Knowledge for a sustainable world

Lora Forsythe, Ruth Leavett

NRI is pleased to support the International Women's Day Centenary to celebrate women's economic, political and social achievements around the world.

This year's theme, decent work for women, focuses on equal access to education, training and science and technology, of which agriculture is a vital part. Yesterday, with the release of the State of Food and Agriculture Report 2010-2011, the FAO stated that equal access to land, technology, financial services, education and markets for women would increase agricultural production and reduce the number of hungry people by 100-150 million.

awow cassava fullGender equality has been a core commitment of NRI through its work in sustainable management of natural and human resources in developing countries. With a long history of using participatory community engagement methods, NRI strives to develop gender-appropriate and effective programs and research, matching approaches and technologies to the social, cultural and economic circumstances of men and women.

The Cassava: Adding Value for Africa (C:AVA) project, operating in five sub-Saharan Africa countries to develop value chains for High Quality Cassava flour (HQCF) and related products, adopts such an approach. The aim is to emphasize equitable distribution of benefits, participation and the empowerment of women and disadvantaged groups in project activities, with an aim to understand and address inequalities and different needs along the cassava value chain according to gender and other diversity factors such as age, marital status, ethnicity, etc.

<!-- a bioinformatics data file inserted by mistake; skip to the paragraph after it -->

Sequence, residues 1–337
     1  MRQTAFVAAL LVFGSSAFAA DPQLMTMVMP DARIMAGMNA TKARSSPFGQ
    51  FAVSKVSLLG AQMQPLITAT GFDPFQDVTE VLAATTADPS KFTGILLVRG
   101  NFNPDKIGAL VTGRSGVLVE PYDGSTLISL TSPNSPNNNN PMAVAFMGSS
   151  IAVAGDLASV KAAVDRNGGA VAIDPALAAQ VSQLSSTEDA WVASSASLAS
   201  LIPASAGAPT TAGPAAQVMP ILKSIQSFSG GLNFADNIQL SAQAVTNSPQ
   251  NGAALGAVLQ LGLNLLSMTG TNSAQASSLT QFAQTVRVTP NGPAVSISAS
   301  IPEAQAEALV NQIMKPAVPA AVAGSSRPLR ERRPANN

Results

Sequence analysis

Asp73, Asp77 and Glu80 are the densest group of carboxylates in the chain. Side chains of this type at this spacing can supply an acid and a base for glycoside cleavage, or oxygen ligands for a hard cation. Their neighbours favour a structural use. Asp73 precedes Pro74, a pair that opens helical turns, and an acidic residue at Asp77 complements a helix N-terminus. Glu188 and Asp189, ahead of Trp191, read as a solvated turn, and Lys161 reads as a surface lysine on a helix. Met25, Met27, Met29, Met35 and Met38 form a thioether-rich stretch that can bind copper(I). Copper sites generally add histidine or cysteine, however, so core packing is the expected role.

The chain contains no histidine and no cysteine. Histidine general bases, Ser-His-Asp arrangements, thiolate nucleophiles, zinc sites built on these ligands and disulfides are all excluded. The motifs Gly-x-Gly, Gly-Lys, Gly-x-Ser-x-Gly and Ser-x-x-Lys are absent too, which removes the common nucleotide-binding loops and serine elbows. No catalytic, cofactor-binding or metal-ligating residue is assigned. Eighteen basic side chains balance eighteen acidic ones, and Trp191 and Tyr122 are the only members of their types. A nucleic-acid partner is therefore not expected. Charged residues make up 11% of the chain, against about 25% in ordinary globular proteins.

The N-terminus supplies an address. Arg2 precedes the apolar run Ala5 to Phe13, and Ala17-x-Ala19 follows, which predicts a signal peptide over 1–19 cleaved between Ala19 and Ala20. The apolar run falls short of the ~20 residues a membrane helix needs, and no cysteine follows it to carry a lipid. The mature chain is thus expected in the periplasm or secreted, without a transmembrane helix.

ilaro cassava processors fullIn recent field work in Nigeria, the first country where C:AVA was implemented, women farmers and processors were consulted on the changes that occurred since the project started. Women reported that training they received in cassava production, particularly in the application of herbicides, reduced the amount of weeds on cassava farms and subsequently their time spent weeding. Higher cassava yields were also reported to have contributed to an increase in the quantity of processed cassava products they sold (including their traditional products of gari and fufu), and subsequently increasing their profits. In addition, training in hygienic processing methods had attracted more customers to due to the improved quality of their products. NRI, it national lead partner the University of Agriculture, Abeokuta (UNAAB) and other partners hope to continue to make improvements to women's livelihoods through the project by focusing on building capacity of women's groups and encouraging investment to help safeguard women's control over income and savings.

For more information on this project, please visit the C:AVA website: